After DNC protests, Bank of America assists struggling Charlotte family

The Sanchezes get to keep their home after housing advocates took it to the streets in early September

| December 11, 2012
Jessica Sanchez surrounded by her siblings and mother. Clockwise from top left: Iovanna, Manuel, Silvia, Jessica and Israel.

Jessica Sanchez surrounded by her siblings and mother. Clockwise from top left: Iovanna, Manuel, Silvia, Jessica and Israel.


- Ryan Pitkin

Protests during the Democratic National Convention have paid off for at least one Charlotte family.

In September, Jessica Sanchez's parents were busy appealing a foreclosure on their home of 12 years by Bank of America. Protesters gathered outside the company's headquarters, in Uptown, to raise awareness of the case. The family had fallen behind on payments after Jessica's father, Gonzalo, was laid off early in 2011. Last week, the family found out that along with offering a $63,000 principal reduction on their mortgage, the Charlotte-based bank refinanced their interest rate and lowered their monthly interest payments by nearly $500. That means that 17-year-old Jessica, who uses a wheelchair because of complications from spina bifida, will be able to stay in a home that her parents have spent thousands of dollars retrofitting to accommodate her needs.

Family, friends and advocacy groups that have helped the Sanchezes all year, including Action NC and the Home Defender's League, gathered on Friday to celebrate. "It's been really good around here since we got the news," said Jessica.

The offer from Bank of America is a rare case, in which it used money set aside for the National Mortgage Settlement — often referred to as the "AG Settlement," named after the Attorneys General who fought for it — that requires the country's five leading mortgage providers, including BofA, to provide as much as $25 billion in relief to distressed borrowers. It's even more rare because the money is meant for those who have already lost their homes due to "bad-faith practices" mortgage providers used between January 2008 and December 2011. That's when lenders approved "predatory" loans that they knew could not be repaid and used illegal methods, including robo-signers, to quickly approve foreclosure documents.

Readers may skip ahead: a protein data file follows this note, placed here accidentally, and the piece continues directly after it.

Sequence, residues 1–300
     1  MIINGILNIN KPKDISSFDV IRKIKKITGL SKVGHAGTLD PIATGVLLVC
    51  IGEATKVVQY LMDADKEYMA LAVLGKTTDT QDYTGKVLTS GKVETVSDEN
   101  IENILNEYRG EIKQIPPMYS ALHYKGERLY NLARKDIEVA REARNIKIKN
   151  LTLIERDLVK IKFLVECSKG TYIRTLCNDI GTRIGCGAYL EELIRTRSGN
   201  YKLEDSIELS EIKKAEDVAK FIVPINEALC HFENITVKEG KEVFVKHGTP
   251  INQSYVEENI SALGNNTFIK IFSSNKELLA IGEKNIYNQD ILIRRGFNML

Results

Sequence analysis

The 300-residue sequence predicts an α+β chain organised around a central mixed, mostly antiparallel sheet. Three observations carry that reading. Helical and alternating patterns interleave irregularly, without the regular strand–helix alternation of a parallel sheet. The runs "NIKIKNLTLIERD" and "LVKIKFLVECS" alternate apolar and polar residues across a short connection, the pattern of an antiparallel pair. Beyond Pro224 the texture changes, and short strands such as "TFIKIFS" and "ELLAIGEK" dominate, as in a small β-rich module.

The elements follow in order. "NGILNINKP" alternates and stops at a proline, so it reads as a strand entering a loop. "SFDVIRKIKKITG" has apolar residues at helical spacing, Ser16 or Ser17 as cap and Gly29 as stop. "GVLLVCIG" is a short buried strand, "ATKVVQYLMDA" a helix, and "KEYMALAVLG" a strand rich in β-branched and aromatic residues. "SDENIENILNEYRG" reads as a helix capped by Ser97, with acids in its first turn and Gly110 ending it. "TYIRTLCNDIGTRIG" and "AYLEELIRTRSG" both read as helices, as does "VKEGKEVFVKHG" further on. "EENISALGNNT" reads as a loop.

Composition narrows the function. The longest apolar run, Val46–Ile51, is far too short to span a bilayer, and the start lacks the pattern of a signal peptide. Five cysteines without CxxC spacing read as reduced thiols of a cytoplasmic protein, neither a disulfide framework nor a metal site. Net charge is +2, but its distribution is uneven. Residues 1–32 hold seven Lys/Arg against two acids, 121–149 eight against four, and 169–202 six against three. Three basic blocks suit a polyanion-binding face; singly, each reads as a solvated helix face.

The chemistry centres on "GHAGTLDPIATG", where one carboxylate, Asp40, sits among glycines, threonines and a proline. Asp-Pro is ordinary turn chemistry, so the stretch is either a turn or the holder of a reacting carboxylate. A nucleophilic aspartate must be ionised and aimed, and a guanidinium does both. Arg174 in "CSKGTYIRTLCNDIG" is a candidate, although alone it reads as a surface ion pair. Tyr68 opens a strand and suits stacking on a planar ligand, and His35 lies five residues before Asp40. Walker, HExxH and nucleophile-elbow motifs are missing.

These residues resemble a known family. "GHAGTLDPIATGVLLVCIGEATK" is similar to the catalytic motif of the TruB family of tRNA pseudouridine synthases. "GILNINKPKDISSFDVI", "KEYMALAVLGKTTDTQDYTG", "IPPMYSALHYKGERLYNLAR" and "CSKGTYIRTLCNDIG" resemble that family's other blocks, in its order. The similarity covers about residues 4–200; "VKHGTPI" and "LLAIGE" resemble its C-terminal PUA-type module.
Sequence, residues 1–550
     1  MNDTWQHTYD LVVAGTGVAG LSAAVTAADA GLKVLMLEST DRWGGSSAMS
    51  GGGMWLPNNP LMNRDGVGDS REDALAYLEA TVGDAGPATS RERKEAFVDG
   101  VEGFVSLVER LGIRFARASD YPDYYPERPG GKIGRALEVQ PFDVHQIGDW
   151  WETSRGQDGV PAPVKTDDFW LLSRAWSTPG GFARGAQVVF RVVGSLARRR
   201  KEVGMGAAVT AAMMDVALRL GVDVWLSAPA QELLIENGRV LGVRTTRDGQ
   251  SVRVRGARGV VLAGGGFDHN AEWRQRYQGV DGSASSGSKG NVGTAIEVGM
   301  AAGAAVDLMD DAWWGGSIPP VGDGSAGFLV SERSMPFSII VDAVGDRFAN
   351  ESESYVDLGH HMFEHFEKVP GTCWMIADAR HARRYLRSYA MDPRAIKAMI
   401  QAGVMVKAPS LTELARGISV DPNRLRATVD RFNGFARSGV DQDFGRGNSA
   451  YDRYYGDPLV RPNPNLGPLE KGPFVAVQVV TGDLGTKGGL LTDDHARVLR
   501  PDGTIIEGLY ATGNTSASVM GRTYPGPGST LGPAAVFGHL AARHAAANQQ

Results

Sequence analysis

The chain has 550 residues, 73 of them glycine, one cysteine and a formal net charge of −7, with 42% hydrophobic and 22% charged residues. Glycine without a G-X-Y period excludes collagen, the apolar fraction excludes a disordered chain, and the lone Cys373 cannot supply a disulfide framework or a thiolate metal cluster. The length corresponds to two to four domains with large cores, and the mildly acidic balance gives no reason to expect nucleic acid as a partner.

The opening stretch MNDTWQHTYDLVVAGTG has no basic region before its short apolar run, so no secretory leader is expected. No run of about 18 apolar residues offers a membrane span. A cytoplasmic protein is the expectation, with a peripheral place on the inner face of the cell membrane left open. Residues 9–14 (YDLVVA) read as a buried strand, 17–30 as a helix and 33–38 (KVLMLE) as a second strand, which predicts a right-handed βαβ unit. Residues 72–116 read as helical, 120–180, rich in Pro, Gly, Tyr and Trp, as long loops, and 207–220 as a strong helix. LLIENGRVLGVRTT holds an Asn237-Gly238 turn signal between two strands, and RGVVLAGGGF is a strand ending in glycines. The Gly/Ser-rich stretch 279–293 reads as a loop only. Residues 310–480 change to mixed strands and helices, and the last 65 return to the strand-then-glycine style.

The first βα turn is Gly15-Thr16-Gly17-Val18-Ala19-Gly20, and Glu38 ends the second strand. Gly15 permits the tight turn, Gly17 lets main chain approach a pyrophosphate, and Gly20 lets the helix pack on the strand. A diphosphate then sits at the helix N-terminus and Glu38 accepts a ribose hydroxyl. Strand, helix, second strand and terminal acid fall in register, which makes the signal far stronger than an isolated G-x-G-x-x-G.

The family's case gained national media attention after protesters staged a rally in front of the bank's Uptown headquarters during the Democratic National Convention. Action NC had been working with the family throughout the summer and hoped to use the national media's attention on Charlotte during the DNC to spotlight the Sanchez's cause. Because Bank of America did not have any legal incentive to give the family a principal reduction on their loan, it seems as though the decision was part of the bank folding to pressure brought on by the attention. Bank of America representatives did not respond to requests for comment on this story.

The family began receiving calls from BofA representatives four days after the protest. That's also when national advocacy organizations, such as the Neighborhood Assistance Corporation of America, began to help. The assistance group was able to bring the case to the attention of the Department of Justice, which suggested using money from the settlement. The group then acted as an intermediary between the bank, the Sanchez family and the Department of Justice.

Luis Rodriguez, an organizer with Action NC who worked with the Sanchez family throughout the summer, is hoping that more underwater mortgages can be fixed by using AG Settlement money and principal reduction. A mortgage is deemed "underwater" when the home-purchase loan has a higher balance than the home's value.

"The only way to solidify the middle class is to solidify the American dream by securing home ownership," Rodriguez said.

But Richard Buttimer, a finance professor at University of North Carolina Charlotte's Belk College of Business, suggests that the Sanchez family's case shouldn't be used as a precedent for doling out money from the National Mortgage Settlement.

"AG Settlement money is meant for people with whom the banks acted in bad faith," Buttimer said. "If you're now saying, 'Let's use this for something else,' that becomes nonsystematic."

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